Jenny Keenan, of Boston, Massachusetts, was 25 years old in 2021, when severe cramping and pain, which first seemed to be associated with her IUD and cysts, led to a diagnosis of Stage 3C low-grade serous carcinoma.
Her gynecologist ordered an ultrasound, which showed what seemed to be large cysts and a displaced IUD. They removed the IUD, and the pain disappeared in 24 hours. They waited six weeks, but the cysts had not shrunk and seemed “complex.”
A gynecologic oncologist ordered an MRI which showed “very concerning masses” on her ovaries.
“I went into surgery still thinking they were cysts and woke up after surgery to find out I can never have kids of my own and that I had cancer,” she said. “My IUD saved my life. I did have cramping before, heavy periods, pain during intercourse, but I would’ve kept overlooking it if it weren’t for my IUD displacing.
“I just remember asking my mom what the results were and seeing her in tears,” she said. “I was so drugged up, but I remember that emotional pain like it was yesterday.”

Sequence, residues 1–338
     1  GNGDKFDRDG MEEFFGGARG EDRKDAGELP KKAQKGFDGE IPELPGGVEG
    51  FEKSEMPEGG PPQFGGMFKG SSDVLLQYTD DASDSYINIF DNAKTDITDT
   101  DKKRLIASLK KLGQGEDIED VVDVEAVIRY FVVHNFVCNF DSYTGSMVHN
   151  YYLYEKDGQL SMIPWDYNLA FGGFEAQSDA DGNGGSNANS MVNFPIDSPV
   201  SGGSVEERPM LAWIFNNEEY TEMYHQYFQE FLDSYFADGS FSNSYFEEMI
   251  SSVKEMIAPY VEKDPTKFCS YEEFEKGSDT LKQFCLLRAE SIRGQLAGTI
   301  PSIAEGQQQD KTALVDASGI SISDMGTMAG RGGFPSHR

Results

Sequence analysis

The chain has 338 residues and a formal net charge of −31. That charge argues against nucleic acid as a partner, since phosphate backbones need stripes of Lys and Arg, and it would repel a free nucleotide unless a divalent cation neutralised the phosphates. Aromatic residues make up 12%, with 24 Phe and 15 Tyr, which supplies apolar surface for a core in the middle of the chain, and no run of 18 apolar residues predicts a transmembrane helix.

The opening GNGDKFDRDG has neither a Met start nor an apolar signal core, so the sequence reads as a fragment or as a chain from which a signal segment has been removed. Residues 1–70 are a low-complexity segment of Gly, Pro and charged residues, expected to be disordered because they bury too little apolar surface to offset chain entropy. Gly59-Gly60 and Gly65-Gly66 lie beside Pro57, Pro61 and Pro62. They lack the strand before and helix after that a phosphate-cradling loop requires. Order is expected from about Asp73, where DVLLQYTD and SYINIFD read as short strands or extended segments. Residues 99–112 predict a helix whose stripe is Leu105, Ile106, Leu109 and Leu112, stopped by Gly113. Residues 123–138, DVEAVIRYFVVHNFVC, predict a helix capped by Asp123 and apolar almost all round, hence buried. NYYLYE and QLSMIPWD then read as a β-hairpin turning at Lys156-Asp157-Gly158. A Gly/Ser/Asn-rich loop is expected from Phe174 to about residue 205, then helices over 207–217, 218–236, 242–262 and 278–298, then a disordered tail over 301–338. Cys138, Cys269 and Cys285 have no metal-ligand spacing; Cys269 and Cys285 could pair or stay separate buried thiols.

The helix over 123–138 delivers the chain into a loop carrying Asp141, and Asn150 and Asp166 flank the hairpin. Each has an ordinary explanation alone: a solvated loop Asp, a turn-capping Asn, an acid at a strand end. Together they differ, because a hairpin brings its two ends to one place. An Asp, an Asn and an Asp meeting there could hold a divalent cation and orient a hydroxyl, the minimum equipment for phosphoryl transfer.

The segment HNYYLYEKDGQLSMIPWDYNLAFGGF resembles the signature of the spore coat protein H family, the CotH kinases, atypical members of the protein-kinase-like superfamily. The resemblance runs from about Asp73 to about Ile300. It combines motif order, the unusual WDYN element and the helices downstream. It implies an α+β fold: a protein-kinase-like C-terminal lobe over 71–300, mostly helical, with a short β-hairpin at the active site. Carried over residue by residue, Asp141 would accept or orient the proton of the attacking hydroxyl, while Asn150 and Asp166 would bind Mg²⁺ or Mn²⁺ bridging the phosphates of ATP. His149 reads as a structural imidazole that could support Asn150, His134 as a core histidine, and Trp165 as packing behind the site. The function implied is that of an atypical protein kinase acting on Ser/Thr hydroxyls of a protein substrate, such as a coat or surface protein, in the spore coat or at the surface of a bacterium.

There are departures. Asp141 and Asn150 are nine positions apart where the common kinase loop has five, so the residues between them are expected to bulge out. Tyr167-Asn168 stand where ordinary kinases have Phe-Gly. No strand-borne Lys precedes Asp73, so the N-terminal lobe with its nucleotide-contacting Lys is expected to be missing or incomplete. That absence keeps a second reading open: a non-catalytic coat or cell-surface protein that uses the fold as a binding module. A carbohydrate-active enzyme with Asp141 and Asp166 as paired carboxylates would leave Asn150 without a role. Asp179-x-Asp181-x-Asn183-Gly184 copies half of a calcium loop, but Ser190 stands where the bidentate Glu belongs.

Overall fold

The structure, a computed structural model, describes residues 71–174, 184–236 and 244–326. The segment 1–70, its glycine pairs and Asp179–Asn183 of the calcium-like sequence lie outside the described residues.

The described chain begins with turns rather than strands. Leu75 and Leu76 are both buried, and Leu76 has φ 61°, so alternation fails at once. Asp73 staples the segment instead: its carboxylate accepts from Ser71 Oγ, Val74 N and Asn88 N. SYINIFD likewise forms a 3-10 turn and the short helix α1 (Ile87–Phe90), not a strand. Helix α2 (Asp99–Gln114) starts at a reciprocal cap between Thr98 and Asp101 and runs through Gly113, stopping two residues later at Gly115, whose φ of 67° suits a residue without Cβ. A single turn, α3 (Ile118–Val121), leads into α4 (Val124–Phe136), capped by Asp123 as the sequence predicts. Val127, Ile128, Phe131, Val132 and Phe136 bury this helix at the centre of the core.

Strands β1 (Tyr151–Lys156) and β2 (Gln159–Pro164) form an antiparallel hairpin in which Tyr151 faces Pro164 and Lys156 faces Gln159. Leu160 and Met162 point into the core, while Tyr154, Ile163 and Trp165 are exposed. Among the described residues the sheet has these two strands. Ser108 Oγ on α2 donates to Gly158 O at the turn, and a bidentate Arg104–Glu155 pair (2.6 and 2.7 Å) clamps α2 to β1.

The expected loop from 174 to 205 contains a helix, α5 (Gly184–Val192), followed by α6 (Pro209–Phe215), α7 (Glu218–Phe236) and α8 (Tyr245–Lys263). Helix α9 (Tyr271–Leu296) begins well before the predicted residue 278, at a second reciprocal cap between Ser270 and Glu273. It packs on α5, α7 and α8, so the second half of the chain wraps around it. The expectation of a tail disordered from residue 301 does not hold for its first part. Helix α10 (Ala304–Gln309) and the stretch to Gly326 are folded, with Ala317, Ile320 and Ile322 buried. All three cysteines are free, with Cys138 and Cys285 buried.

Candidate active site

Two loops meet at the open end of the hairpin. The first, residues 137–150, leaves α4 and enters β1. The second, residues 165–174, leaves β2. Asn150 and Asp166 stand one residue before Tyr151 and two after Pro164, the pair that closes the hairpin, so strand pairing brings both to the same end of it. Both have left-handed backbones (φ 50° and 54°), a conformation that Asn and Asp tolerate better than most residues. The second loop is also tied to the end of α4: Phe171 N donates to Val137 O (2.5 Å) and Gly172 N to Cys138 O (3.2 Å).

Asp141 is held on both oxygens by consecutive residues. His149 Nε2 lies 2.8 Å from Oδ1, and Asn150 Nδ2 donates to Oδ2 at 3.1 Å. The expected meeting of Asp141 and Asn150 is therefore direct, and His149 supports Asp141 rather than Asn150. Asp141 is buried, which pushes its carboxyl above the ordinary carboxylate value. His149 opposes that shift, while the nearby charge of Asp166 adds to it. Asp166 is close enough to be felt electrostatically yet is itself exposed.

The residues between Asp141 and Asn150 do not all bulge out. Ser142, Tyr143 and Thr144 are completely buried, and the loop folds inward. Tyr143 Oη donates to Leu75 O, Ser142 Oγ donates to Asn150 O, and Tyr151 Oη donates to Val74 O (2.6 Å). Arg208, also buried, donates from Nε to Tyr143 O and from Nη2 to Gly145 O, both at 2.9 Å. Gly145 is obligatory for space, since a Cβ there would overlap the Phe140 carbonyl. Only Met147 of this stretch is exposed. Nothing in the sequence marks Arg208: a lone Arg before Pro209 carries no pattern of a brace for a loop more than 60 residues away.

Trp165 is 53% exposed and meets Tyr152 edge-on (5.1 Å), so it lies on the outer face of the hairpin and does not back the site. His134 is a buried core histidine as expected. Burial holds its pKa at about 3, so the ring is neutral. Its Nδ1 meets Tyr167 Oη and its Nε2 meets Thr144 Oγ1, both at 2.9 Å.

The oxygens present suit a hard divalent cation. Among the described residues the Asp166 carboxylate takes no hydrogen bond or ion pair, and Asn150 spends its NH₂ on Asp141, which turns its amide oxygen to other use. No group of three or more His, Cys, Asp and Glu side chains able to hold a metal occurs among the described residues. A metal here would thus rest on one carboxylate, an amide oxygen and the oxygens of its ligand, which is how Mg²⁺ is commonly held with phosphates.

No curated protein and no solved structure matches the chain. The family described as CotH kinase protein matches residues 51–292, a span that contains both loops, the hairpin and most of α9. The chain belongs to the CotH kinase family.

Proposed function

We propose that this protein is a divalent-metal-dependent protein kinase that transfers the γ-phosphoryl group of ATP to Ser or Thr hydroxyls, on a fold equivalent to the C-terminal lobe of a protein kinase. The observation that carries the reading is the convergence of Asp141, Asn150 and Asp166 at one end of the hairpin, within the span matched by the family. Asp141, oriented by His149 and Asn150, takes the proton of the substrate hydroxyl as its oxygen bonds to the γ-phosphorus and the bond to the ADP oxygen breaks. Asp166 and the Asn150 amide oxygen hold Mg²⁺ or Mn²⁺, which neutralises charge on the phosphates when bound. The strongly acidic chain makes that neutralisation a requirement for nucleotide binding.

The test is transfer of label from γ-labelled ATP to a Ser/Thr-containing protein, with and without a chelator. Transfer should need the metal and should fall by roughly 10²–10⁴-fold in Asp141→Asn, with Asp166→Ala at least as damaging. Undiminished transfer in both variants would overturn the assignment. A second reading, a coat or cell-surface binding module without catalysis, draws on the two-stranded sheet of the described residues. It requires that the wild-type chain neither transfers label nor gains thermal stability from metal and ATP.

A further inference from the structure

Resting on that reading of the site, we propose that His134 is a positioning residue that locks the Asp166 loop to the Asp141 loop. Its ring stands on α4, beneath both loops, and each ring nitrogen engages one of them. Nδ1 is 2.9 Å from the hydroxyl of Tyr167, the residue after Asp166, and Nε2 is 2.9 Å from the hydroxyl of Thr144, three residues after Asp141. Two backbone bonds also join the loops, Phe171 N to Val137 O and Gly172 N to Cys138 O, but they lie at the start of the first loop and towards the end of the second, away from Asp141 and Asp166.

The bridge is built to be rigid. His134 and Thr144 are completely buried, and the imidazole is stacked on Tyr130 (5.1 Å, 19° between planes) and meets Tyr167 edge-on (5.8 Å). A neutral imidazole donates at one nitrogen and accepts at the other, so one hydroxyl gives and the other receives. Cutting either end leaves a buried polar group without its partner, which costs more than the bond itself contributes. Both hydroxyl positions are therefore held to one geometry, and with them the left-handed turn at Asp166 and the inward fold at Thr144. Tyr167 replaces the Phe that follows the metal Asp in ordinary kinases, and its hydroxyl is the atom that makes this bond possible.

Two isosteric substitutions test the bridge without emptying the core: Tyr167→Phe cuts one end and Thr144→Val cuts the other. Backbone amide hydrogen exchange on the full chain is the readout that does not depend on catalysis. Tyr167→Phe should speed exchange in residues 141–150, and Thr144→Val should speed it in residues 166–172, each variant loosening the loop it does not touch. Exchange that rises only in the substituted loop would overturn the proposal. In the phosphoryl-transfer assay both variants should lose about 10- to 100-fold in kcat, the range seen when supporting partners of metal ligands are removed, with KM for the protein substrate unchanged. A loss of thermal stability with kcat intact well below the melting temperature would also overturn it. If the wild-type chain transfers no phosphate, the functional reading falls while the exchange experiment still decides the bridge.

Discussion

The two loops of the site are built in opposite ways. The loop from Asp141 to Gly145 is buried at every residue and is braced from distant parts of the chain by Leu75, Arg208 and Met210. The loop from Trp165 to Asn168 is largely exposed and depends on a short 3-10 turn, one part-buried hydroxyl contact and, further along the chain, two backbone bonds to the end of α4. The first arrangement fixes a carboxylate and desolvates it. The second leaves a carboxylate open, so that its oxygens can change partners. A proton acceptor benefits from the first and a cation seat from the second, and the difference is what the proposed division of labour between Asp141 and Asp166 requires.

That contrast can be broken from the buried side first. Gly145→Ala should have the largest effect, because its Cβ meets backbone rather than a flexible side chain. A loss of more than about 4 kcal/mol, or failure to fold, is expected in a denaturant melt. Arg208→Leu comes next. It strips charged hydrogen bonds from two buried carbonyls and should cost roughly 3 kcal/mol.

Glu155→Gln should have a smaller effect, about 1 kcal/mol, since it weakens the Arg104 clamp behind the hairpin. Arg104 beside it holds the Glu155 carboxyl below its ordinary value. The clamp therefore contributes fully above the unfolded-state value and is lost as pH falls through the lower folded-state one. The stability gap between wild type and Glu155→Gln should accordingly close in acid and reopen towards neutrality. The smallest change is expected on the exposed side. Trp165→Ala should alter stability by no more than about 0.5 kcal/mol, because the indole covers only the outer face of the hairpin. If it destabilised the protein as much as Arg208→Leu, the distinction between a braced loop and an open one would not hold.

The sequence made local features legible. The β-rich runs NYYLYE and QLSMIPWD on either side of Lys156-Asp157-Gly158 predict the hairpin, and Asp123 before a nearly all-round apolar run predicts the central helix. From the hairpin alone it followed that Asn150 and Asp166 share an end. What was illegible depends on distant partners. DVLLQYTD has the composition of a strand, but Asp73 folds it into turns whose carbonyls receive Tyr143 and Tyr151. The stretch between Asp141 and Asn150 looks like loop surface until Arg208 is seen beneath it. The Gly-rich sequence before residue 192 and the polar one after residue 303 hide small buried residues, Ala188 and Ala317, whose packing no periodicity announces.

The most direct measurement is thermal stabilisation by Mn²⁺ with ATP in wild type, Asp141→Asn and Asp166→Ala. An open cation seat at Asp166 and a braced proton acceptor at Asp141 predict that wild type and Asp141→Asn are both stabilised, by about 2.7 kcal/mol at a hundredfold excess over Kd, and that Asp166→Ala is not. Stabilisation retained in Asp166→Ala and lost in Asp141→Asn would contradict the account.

Four weeks after surgery, she started six rounds of chemotherapy with carboplatin and paclitaxel.
“I have grown up way more than I wanted to at this age. I have gained weight and can’t eat or drink like I used to because of my new body,” she said. “I see everything through a different lens now, knowing my life can end shortly and cancer will probably come back.”
Not enough people know that this cancer affects young women.
“We’re a population that tends to think we’re invincible and that nothing would happen to us,” she said. “This cancer has no cure. This cancer will come back more likely than not. More research could mean a chance at a new life.”